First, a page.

We have learned of other examples, like the “big firm” that charged a nonprofit client a monthly retainer for a four-person account team in which three of the members’ primary roles were to meet for an hour per week to “keep up the billings.” That client is now working on an “as needed” hourly basis at another firm with better results for less money. Other cases include flying an account executive into a city to wait by the phone in a client’s office “in case any media calls.” I witnessed that one in person along with another case in which an account person was flown into another city to sit in an all-day meeting and just take notes. Throwing bodies at accounts to make clients feel “serviced” is old thinking that just doesn’t pass muster for clients anymore.

In some of these firms, to support their overhead and staff – some are dedicated to making clips and/or media lists for just one or a handful of accounts – they have grown used to billing clients as much as they think they can get away with as a retainer each month, regardless of objectives. That means they have to find ways to bill clients, just to keep up the retainer, even if that extra work (and extra staff) is not really needed.

For the displaced professionals, many (if not most) of whom are committed to the profession, here’s to a future in better situations in which their future employers won’t abuse their time and their jobs.

BP Gulf of Mexico Disaster Response As Lacking As Foresight

Sunday, May 16th, 2010

urlThere has perhaps never been a crisis on a scale quite like the continuing BP oil disaster in the Gulf of Mexico.  And, almost as disturbing as what could be incalculable ecological damage, has been, in my opinion, an unconscionable reaction by those responsible.  Never mind the U.S. government’s negligence in allowing such offshore drilling without disaster plans in place.

BP does have up a slick “Gulf of Mexico Response” micro-site containing up to the minute news and information, including BP’s on-going efforts at ocean damage control and cleanup efforts. There’s even an hour-long technical briefing meeting video as well as underwater film of the containment dome attempt.  However, the oil giant’s overall response has been as fumbling as its mitigation attempts.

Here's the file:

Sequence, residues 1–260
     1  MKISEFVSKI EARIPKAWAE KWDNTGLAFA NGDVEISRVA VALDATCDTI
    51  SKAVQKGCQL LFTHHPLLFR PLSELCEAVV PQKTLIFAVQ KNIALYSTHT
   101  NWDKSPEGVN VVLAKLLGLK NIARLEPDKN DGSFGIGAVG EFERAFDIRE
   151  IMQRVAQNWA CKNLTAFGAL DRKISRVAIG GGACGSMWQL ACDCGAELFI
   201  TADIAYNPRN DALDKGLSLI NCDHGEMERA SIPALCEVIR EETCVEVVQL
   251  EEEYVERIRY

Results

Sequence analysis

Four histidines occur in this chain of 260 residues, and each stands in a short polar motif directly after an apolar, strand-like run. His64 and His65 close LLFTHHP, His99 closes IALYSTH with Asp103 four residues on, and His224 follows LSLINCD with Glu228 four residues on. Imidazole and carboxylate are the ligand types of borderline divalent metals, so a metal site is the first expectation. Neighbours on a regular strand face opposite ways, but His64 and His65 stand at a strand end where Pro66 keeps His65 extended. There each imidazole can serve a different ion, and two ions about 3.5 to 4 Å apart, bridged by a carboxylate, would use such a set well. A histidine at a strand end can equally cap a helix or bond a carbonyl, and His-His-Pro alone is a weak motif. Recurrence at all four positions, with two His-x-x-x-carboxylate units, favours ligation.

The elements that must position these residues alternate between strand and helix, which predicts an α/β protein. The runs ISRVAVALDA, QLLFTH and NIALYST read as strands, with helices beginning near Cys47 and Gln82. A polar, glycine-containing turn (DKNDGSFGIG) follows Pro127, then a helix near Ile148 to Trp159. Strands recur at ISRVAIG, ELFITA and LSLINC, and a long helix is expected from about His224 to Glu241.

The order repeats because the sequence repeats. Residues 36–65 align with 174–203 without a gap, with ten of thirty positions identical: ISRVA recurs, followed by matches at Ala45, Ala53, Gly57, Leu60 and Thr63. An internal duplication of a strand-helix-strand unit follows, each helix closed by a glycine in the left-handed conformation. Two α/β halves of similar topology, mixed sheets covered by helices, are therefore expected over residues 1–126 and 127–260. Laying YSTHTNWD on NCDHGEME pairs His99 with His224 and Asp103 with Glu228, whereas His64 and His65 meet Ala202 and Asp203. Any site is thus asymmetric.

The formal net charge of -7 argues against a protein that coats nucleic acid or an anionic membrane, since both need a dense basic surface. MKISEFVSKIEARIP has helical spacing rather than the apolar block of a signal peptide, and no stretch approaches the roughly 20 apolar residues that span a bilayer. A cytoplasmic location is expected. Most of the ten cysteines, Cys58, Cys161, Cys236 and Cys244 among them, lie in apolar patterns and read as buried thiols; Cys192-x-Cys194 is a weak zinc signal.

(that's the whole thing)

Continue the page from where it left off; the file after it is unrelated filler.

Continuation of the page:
Original estimates from BP and the federal government as to the sheer amount of oil that is gushing into the gulf from the damaged underwater pipeline are now said by some experts to be  four times more than initially communicated—perhaps as high as 3 million gallons a day.

Last week’s performance before Congress also left much to be desired with finger pointing between BP, primary operator of the rig Deepwater Horizon; Transocean, owner; and Haliburtan, primary contractor responsible for cementing the well.  Not to be outdone, Tony Hayward, chief executive of BP, was quoted by the U.K.’s Guardian newspaper as saying that the volume of oil spilling into the Gulf is “relatively tiny” compared with the “very big ocean.”

Misrepresenting facts, deflecting blame and making light of a situation all represent the absolute antithesis of adversity management.  And where is the sense of urgency in getting this thing solved?  Instead we are fed a steady stream of vague timeframes and new fix options that might work, maybe.  If BP and their corporate partners in this mess don’t turn things around soon, they might find those horrific tar balls that are washing onto shore on Gulf coast beaches put to use for a time-worn application used for con artists and snake oil salesmen: tar and feathering.

Media Change Moves One Community Into Action With Innovative New Site

Sunday, May 9th, 2010

rapidian_logoAbout a week ago, I was able to spend some time in one of America’s most underrated communities – Grand Rapids, Michigan. I went to pick up a special award for Tanner Friedman and was expecting a nice evening in a first-class art museum located in a vibrant downtown. But, the evening actually exceeded my expectations as I learned of a community actually doing something (other than complaining) about the contraction of traditional media.

That night, I learned of The Rapidian. The more I think about this new media innovation, the more impressed I become. Just hearing the basic descriptions when I was in town and exploring it on the Web didn’t give me enough. So, the other day, I spoke with Roberta King of the Grand Rapids Community Foundation, one of the organizations that made The Rapidian possible, to get more details to share with you.

In 2008, frustrated by the inability of traditional media in West Michigan to continue to cover community news like it used to (before extreme cutbacks affecting newspapers, TV and radio), the Community Foundation and the Grand Rapids Community Media Center (which has an impressive history of operating public access TV, radio, theatre and Web) applied for a Knight Foundation grant. The Knight Foundation wanted to give to community foundations to create platforms for local news and information. The Grand Rapids proposal won the grant, The Rapidian was born and so was mission-driven community journalism in West Michigan.

King (also now The Rapidian’s writer covering running) told me, simply, “We needed to do something to keep local information in the community.” So, The Rapdian hired a part-time Content Coordinator to serve as the editor of the site. The reporting is done by volunteers – Citizen Journalists – who receive ongoing training from the site’s organizers. About 30 community members are pursuing their reporting interests on subjects that traditional media can’t or won’t cover. Primarily, they are covering arts and culture but recent stories have also included education, the environment and happenings in Grand Rapids’ neighborhoods.